Aortic Stenosis

Aortic stenosis is a narrowing of the aortic valve. This means that the flow of blood from the left ventricle into the aorta is less efficient than in a normal heart. The result is that the body does not get as much oxygen as it should.

The aortic valve itself may be too narrow, or there may be narrowing above the valve – supravalvular stenosis or below the valve – subvalvular stenosis. The narrowing may be mild, moderate or severe.

Balloon catheter: One way of increasing the flow of blood through the valve is to use a balloon catheter. This is a fine plastic tube with a balloon on the end. It is pushed through a vein or artery (usually at the top of the leg) into the heart and inserted through the valve. The balloon is then inflated across the valve, stretching it in the process. The balloon is then deflated and withdrawn.

Balloon catheterisation does not leave any scars and your child may be able to leave hospital that day. Sometimes the process causes the valve to leak but this is not usually a problem, provided the leak is small. If the valve narrows again in the future, the procedure may have to be repeated. If the procedure does not work, your child will be offered surgery.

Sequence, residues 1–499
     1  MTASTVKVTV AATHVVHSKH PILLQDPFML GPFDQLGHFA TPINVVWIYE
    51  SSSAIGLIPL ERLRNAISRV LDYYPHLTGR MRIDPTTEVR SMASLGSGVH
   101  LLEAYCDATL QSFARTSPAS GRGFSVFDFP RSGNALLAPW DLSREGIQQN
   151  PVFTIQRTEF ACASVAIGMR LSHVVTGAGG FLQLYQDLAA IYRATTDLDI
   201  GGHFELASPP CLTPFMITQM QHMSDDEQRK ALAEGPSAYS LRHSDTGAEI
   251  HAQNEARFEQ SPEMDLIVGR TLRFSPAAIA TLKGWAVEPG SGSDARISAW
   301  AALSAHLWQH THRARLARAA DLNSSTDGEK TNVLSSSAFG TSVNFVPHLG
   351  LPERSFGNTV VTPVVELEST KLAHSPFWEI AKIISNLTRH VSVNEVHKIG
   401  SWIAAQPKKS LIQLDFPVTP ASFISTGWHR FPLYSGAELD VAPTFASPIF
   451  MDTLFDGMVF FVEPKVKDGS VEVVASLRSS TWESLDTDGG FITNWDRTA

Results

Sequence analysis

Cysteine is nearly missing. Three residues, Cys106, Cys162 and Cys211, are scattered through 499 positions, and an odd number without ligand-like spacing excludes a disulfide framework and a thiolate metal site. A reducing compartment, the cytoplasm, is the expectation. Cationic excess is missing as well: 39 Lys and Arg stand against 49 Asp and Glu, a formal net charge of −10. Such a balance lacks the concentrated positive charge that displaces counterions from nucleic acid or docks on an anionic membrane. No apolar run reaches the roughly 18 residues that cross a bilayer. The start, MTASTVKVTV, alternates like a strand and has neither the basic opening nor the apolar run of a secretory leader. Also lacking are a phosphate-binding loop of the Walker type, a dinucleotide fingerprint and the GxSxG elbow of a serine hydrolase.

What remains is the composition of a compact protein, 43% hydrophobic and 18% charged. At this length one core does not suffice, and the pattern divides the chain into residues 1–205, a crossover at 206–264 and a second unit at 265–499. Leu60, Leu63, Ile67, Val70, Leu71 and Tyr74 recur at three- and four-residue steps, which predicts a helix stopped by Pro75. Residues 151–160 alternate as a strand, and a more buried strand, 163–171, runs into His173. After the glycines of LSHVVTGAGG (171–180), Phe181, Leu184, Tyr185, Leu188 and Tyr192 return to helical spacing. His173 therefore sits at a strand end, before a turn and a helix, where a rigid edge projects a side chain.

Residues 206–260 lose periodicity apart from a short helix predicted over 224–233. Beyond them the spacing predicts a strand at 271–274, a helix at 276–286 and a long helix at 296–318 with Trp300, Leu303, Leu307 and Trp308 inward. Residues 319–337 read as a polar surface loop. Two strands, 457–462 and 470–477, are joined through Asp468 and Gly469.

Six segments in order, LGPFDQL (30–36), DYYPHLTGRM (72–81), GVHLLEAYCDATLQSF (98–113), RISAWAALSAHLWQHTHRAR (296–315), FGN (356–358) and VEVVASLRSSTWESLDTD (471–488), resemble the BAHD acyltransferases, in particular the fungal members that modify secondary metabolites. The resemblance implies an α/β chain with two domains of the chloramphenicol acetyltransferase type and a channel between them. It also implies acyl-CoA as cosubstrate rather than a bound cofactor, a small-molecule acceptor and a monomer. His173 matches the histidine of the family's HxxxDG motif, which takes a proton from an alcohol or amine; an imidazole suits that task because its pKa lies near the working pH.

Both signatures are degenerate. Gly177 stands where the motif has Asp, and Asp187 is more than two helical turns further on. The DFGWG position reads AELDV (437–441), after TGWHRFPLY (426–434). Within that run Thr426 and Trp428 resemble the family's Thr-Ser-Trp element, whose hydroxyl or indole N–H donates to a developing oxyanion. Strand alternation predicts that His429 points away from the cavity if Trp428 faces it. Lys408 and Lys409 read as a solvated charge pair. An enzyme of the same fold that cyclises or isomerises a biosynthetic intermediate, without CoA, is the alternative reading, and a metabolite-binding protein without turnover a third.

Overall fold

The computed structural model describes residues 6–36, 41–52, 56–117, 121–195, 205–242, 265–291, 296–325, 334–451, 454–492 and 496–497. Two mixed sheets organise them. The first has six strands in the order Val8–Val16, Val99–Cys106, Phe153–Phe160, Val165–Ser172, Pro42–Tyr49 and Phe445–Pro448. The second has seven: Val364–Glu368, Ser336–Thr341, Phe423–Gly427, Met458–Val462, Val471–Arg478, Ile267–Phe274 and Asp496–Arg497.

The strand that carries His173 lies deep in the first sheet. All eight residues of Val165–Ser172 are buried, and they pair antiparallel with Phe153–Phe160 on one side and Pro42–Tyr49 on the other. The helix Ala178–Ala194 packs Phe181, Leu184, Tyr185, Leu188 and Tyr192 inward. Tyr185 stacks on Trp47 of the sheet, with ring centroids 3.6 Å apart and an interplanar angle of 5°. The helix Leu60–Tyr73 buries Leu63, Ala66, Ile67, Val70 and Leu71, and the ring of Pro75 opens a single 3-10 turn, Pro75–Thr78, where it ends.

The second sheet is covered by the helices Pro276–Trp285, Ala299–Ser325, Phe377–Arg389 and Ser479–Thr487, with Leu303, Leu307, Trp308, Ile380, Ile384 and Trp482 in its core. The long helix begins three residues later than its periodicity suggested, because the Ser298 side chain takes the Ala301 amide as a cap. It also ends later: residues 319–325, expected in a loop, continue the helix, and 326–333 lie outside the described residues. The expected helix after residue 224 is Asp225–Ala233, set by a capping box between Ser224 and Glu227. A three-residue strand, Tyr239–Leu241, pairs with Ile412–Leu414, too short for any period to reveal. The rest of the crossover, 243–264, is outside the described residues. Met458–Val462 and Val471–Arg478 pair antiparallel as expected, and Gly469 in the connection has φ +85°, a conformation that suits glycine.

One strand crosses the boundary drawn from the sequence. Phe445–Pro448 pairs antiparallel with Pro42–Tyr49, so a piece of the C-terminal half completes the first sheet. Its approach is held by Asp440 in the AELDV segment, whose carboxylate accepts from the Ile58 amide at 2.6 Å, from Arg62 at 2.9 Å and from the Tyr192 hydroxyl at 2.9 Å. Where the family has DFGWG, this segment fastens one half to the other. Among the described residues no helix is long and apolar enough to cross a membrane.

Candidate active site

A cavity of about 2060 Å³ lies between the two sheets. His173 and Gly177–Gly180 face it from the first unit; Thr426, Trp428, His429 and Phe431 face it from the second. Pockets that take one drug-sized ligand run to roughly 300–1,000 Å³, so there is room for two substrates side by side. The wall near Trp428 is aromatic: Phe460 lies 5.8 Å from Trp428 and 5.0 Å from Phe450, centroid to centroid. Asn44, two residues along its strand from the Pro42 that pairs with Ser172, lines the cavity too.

Surgery: This is open heart surgery, which means that the heart will need to be stopped and opened to repair it. A heart bypass machine will take over the job that the heart normally does. The aim of the operation is to stretch or replace the aortic valve, or to reduce the obstruction above or below it.

If your child has other heart defects, the surgery performed will depend on how the heart can best be modified to cope with all the problems there are.

For older children this surgery is normally low risk, but it will depend on how well your child is otherwise. The cardiologist or surgeon should discuss the risks with you in detail before asking you to consent to the operation.

The aortic valve can be replaced by an artificial valve which is specially designed to be strong enough to withstand the high pressure of blood pumped from the left ventricle. However, artificial valves do not grow with the child, so further valve surgery may be needed. Children with artificial valves will also need to take anticoagulants for the rest of their lives, which can have a number of implications for their health and lifestyle.

An alternative to using an artificial valve is to do a Ross procedure. In this operation the child’s own pulmonary valve will replace the aortic valve (an autograft). A human tissue valve (a homograft) then replaces the pulmonary valve.

Children having these sorts of operations will usually spend 7-10 days in hospital, of which one or two will be spent in the intensive care and high dependency unit. Of course, this depends on how well your child is before and after the surgery, and whether any complications arise.

More about Aortic Stenosis

Author(s): Children’s Heart Federation
Last updated: 2009-12-09